By night, the video was uploaded again, this time with a write-up entitled ‘Why pander to patriarchy?’ While the audio was pretty much the same, the montage was markedly different. The text boxes with the screaming headlines and captions (Plot to kill Teen Talaq Bill, plan hatched at secret meeting, Cong MP hosts secret meeting, Teesta NGO lends muscle) had disappeared, leaving a much more visually sober programme.

There’s no explanation from the channel as to why this programme was temporarily taken down and edited, just the cursory ‘updated’ beside the dateline of December 25. For all practical purposes, it gives the impression of being a fresh programme, with a new title.

After the programme was aired on December 25, the Bebaak Collective filed a complaint with Times Now and with the News Broadcasting Standards Authority (NBSA) against the way in which the programme misrepresented its work. Khan told The Hoot that the NBSA has acknowledged its complaint and forwarded it to Times Now to seek its response within seven days.

The complaint stated:

‘Bebaak Collective, exercising a democratic right, had made attempts to contact all representatives of all political parties and leaders including Ministers like Mr Arun Jaitley, Ms Sushma Swaraj, Mr Rajnath Singh, Mr Ravi Shankar Prasad and Mr Mukhtar Abbas Naqvi  to explain our apprehensions about why we do not support such a bill. On 10th October of this year, we had met Mr Mukhtar Abbas Naqvi, Minister of Minority Affairs, the Chairperson of National Minority Commission. We met chairperson of Maharashtra Women Commission and also on 20th November, we met PA to Maneka Gandhi in her Parliament office while she was absent.

While promptness on part of the government should not eschew the role of women's groups who have struggled for decades to fight against patriarchy, we primarily demand from the government that women's groups be consulted before bringing any Bill in the Parliament.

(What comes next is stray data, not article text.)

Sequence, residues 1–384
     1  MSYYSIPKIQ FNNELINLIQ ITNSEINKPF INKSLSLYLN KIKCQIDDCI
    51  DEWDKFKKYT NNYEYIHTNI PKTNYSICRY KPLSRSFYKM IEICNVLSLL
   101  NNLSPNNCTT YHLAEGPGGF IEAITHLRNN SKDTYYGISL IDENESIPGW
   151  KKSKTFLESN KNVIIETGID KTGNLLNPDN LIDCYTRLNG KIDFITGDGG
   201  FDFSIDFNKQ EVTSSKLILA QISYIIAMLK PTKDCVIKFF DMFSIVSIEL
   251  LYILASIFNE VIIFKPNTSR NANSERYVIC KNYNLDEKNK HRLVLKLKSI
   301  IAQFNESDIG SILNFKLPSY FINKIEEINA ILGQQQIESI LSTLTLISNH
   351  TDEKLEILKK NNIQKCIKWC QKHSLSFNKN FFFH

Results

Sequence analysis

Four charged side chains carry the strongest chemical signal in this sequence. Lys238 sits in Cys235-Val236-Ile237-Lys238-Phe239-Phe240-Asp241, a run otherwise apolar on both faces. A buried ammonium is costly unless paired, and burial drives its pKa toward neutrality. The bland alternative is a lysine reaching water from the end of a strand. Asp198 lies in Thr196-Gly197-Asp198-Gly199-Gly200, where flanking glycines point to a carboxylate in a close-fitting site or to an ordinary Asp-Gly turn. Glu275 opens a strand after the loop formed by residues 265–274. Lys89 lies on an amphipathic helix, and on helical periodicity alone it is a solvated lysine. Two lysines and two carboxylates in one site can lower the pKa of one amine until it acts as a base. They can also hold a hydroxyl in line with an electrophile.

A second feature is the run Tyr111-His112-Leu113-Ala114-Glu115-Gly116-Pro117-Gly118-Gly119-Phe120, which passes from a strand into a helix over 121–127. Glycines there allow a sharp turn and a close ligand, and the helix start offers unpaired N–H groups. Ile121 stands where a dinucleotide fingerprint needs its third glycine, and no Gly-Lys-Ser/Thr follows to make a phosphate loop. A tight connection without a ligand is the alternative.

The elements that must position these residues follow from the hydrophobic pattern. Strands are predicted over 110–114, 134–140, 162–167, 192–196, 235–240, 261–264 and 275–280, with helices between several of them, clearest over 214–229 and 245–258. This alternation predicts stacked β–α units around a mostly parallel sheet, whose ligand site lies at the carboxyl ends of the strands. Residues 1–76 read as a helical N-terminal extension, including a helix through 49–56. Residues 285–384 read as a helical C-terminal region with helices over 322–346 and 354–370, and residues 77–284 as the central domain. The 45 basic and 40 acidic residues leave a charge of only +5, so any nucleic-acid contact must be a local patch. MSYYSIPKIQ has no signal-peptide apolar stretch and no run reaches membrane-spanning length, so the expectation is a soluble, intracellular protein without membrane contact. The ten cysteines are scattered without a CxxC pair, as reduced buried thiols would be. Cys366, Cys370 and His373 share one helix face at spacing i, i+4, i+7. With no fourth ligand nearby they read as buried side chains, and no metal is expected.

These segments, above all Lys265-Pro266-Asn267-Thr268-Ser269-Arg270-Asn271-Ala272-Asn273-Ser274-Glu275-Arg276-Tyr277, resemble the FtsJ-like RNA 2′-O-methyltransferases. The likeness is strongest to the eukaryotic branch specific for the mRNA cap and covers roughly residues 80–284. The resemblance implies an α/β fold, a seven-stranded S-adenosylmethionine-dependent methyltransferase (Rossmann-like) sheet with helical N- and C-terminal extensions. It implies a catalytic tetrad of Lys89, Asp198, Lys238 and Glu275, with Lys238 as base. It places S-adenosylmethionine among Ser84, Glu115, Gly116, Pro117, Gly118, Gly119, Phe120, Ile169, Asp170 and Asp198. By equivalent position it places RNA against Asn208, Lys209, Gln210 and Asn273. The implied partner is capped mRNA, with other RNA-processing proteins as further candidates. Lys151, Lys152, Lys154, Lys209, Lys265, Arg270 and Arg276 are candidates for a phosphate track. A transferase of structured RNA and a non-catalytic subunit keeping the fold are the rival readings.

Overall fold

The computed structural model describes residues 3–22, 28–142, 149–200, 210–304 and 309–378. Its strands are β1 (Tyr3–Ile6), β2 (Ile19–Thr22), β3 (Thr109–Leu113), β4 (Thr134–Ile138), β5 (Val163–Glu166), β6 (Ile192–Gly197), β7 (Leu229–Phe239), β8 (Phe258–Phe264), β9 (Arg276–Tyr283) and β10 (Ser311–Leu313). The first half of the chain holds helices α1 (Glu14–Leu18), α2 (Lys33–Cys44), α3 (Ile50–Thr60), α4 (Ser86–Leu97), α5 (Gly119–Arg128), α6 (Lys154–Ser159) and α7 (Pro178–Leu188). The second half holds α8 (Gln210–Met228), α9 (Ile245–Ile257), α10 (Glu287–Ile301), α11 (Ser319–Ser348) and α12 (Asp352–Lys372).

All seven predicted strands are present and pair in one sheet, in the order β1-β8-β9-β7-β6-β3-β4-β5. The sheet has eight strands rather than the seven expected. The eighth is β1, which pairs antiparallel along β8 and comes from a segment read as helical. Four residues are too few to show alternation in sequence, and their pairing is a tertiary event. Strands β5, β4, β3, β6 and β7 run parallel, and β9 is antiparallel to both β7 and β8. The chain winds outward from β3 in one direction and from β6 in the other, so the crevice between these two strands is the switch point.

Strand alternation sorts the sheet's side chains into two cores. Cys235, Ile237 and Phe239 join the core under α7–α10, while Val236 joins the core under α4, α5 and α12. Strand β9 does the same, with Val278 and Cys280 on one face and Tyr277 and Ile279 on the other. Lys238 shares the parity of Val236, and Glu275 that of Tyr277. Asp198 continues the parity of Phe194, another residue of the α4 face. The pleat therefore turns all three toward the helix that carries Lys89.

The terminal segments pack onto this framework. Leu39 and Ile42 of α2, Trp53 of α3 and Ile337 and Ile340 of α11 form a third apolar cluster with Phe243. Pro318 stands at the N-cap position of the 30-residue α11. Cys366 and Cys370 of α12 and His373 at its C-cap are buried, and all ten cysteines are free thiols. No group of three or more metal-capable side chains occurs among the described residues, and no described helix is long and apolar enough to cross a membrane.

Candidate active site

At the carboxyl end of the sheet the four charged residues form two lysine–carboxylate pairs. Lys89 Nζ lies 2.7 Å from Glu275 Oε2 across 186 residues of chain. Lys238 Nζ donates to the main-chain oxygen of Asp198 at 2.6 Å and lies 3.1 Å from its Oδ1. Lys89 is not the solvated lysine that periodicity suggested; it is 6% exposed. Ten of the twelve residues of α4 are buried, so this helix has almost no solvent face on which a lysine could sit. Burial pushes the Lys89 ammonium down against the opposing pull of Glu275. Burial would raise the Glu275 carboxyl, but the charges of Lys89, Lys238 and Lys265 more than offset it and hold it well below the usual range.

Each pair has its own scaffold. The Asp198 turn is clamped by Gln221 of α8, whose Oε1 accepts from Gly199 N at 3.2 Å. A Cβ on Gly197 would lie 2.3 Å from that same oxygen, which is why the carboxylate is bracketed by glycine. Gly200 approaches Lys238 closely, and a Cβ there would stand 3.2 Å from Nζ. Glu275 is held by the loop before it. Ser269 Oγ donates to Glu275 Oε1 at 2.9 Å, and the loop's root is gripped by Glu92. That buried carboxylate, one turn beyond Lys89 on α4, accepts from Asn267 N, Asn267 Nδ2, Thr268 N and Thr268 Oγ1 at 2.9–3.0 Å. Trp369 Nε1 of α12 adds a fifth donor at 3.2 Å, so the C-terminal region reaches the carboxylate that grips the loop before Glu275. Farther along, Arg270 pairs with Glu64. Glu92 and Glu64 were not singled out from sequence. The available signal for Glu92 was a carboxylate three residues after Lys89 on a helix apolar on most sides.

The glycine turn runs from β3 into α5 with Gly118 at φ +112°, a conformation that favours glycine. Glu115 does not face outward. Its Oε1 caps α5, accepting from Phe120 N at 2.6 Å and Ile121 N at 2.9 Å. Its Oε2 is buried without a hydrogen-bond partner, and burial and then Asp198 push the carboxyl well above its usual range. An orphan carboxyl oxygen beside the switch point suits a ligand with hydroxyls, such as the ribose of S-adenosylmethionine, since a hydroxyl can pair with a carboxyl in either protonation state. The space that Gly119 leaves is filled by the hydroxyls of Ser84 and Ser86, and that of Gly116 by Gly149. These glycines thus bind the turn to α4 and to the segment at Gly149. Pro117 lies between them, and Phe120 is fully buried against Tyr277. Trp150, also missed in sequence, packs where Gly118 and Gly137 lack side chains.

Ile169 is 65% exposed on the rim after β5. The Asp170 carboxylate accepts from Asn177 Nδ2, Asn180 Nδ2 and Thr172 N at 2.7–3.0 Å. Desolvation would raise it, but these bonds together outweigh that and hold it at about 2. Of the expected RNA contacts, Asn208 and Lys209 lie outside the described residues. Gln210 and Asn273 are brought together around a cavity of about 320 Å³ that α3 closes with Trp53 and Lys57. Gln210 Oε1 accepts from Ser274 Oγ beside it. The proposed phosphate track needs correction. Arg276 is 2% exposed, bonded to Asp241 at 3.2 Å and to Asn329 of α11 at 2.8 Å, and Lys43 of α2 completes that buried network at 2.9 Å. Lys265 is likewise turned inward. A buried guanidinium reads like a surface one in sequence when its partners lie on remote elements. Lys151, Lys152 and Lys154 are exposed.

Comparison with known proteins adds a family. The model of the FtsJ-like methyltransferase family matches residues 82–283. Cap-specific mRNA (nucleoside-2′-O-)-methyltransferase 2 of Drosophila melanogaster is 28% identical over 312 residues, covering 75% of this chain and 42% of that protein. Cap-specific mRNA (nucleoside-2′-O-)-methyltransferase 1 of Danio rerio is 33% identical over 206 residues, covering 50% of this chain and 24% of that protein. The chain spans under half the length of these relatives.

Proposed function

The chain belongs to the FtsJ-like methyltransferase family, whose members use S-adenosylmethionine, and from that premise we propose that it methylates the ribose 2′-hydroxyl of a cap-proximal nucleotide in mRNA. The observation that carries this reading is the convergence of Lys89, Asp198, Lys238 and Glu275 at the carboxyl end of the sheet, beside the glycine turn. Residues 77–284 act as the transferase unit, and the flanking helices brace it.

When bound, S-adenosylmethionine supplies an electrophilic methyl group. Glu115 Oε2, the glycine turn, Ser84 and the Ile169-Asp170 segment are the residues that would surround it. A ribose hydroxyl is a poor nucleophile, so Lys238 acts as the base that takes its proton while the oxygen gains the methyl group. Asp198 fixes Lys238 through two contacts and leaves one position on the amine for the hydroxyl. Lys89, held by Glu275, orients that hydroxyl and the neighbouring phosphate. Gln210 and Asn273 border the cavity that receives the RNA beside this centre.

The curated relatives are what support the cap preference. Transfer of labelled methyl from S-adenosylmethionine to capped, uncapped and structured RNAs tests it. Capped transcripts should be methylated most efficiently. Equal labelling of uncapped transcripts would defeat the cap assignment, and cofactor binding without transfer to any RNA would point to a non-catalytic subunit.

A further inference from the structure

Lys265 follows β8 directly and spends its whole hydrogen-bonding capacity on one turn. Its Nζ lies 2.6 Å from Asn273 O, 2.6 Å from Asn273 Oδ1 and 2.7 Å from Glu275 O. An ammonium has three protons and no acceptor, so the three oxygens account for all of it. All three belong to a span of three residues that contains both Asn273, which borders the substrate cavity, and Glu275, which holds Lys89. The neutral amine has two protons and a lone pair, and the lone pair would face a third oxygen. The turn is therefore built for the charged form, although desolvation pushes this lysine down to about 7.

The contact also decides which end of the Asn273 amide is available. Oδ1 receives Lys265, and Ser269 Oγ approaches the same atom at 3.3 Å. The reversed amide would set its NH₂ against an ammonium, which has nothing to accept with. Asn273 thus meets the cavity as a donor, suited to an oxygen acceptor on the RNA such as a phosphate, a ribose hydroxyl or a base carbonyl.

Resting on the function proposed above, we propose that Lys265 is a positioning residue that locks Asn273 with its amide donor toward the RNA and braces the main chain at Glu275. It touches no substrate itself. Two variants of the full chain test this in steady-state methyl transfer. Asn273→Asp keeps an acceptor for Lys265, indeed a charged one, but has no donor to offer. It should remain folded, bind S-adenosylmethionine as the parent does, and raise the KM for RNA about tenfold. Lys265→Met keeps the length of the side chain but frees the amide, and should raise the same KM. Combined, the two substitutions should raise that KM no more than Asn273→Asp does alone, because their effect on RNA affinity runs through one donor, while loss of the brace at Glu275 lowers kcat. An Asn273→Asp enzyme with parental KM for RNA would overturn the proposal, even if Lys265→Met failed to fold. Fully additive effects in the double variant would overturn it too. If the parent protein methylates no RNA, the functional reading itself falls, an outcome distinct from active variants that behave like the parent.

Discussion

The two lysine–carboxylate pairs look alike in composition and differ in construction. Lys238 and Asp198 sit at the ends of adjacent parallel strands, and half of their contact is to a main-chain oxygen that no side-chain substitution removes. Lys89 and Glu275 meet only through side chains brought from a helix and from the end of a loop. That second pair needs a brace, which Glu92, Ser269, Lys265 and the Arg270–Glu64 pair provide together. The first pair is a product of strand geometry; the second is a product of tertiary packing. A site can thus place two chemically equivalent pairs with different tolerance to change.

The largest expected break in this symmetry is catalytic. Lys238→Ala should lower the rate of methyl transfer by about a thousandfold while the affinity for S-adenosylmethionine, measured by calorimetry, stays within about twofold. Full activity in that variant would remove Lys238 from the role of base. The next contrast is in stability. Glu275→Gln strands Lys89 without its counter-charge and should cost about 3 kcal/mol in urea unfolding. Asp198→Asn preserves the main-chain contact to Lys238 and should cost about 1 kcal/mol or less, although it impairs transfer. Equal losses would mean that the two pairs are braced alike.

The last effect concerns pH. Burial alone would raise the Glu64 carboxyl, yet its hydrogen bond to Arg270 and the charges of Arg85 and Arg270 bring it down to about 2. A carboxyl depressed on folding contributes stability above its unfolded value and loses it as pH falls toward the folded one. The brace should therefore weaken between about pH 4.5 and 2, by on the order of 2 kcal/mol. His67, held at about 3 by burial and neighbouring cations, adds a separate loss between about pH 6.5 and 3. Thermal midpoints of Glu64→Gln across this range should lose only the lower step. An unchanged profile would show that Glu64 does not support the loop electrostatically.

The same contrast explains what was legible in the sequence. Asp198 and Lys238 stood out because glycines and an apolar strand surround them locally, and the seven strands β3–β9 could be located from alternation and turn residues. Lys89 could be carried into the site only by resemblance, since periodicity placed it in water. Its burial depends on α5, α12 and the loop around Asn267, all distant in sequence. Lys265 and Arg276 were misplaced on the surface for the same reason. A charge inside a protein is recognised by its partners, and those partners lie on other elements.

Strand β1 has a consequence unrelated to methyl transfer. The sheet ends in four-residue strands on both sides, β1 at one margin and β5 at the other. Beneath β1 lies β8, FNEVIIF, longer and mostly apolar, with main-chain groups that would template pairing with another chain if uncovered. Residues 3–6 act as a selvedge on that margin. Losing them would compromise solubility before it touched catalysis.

We believe the media plays an important role in shaping public opinion. However, these attempts to distort and misrepresent our point of view are highly regrettable and reprehensible. We strongly demand an acknowledgement of this statement in the TV channel as well as an apology for sheer distortion of our work.’

In its press conference and statements circulated to the media, the Bebaak Collective had said it was against criminalization since penal action would not help get justice for women who may instead be deprived of the matrimonial home; that civil redressal measures should be used instead of punitive action to deal with the breakdown of a marriage which is essentially a civil contract between two adults; and that the bill failed to even look at the economic and social security of women, or of other pernicious practices like polygamy or halala.

Despite the more sober look and feel of the programme as it now is online, it is puzzling why Times Now imputed motives to activists who were lobbying with parliamentarians as well as members of the government about their stand on the bill.

“All that we have asked for is a broader consultation on these issues. Is that not democratic? Why did they attack us?’’ asked a mystified Khan.

 

Geeta Seshu is based in Mumbai and is a contributing editor at The Hoot.